Industrialists made the news. The 1950s and 1960s were the era of the industrial magnate, of Lord Nuffield and Leonard Lord of the British Motor Corporation and Lord Rootes of the Rootes Group, another car industry giant. Sir Michael Sobell made a fortune with his Radio and Allied Industries, but was probably eclipsed by his son-in-law Arnold Weinstock, Lord Weinstock, for 33 years managing director of GEC. Sir Bernard Docker, chairman of BSA (Birmingham Small Arms) and Daimler, and his wife, former dance hostess Norah, made headlines in the austere 1950s for their extravagant and flamboyant behaviour.

Everybody I knew had a father who worked in manufacturing. Many worked for Rubery Owen, which made components for cars and commercial vehicles. It em–ployed 17,000 people, many at its nearby factory in Darlaston. It was paternalistic, providing sports facilities, subsidised canteens, day nurseries and retirement advice. The day nursery provided for the children of working mothers. Rubery Owen rented housing to its workers, including many on our estate.

The factory was close enough for us to hear “The Bull”, a bull-horn signalling the end of a shift. Minutes later a sea of men on bikes would appear.

Rubery Owen, run by the formidable Sir Alfred Owen, exuded power and permanence. Privately owned, one of the largest such companies in Britain, it did not have to dance to the tune of stock market investors. It had an adventurous spirit, illustrated by its ownership of the BRM (British Racing Motors) grand prix team. At open days, racing-green BRM cars, driven by Graham Hill and Jackie Stewart, were a magnet for small boys.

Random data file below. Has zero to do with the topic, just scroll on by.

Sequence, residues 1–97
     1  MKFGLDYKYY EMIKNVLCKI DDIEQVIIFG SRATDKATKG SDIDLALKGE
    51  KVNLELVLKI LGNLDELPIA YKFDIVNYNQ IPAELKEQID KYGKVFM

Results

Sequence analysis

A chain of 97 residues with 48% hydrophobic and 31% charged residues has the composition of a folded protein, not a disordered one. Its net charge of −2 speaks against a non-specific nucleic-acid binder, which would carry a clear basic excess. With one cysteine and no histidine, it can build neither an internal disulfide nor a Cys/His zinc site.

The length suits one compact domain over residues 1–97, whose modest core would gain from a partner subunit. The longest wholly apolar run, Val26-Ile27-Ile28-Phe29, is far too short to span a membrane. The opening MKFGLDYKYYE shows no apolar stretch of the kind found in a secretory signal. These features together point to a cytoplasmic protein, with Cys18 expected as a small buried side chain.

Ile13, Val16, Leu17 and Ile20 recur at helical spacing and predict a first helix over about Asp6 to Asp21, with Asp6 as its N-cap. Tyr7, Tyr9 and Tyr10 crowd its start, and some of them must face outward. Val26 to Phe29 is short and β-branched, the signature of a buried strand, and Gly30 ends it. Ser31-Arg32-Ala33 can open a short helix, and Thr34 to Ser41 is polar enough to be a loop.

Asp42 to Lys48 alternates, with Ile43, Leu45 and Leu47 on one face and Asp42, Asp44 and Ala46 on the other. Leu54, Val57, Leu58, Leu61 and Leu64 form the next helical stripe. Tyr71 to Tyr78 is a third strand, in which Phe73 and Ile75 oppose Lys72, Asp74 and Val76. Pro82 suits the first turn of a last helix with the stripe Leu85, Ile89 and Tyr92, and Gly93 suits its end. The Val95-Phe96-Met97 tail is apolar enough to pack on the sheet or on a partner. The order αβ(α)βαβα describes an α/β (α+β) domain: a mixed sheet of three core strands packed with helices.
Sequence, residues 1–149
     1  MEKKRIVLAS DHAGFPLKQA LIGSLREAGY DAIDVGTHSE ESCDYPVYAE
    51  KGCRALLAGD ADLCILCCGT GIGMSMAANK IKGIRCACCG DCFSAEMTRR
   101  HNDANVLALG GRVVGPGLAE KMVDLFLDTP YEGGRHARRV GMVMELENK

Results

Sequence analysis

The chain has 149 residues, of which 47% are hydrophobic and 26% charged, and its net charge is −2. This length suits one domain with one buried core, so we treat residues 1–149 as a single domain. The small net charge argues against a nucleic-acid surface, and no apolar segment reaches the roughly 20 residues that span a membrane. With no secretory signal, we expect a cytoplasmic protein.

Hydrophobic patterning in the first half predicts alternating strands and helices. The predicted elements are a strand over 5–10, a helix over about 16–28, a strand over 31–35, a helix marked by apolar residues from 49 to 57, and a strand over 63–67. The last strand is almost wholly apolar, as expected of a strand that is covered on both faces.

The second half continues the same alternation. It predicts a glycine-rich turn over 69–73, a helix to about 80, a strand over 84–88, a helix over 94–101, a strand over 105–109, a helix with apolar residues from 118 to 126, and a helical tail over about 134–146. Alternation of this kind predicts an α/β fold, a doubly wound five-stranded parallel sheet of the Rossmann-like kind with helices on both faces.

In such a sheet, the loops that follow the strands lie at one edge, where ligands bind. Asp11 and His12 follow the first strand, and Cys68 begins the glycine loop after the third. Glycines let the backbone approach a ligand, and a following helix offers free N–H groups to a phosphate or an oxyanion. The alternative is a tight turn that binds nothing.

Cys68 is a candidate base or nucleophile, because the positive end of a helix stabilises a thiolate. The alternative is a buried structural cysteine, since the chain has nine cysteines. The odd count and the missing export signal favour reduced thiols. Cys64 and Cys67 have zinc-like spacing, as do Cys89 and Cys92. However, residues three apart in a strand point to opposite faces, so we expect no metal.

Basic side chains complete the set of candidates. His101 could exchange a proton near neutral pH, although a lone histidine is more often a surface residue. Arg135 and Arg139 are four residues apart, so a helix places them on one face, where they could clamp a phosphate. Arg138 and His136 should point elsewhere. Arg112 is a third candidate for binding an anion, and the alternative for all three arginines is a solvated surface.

Rubery Owen, with engineering interests extending beyond the motor industry, made just about everything. It manufactured stands for Twickenham and Old Trafford. Its 20 constituent companies included Conveyancer forklift trucks, Leabank office furniture and Easiclene, which made fridges, melamine kitchen units and other domestic equipment. Rubery Owen made equipment for the aerospace industry, as well as nuts, bolts, chains, agricultural tools and equipment. It made chassis for double-decker buses and Ferguson ploughs.

Commonwealth markets were hugely important. As late as 1960, a third of Britain’s overseas trade was with the Commonwealth. The threat from Asia was no threat at all. “Made in Hong Kong” was the pejorative term. We believed in British, and we bought British.

There were just under 2m cars on Britain’s roads in 1950. The rise of car ownership, interrupted by the Second World War and its austere aftermath, was however in full swing. By 1960 there were 4.9m cars registered, and by 1970, 10m. From 16bn vehicle miles in 1950, the number rose to 96bn by 1970.

Overwhelmingly, these miles were driven in British cars. Whether it was force of habit, restrictions on imports, or a genuine belief that British was best, in the mid-1950s the proportion of cars imported was a fraction over 2%, compared with 85% now. Somebody in the area bought a Renault Dauphine, a 1950s vehicle later named by Time magazine as one of the 50 worst cars of all time. It was regarded as odd.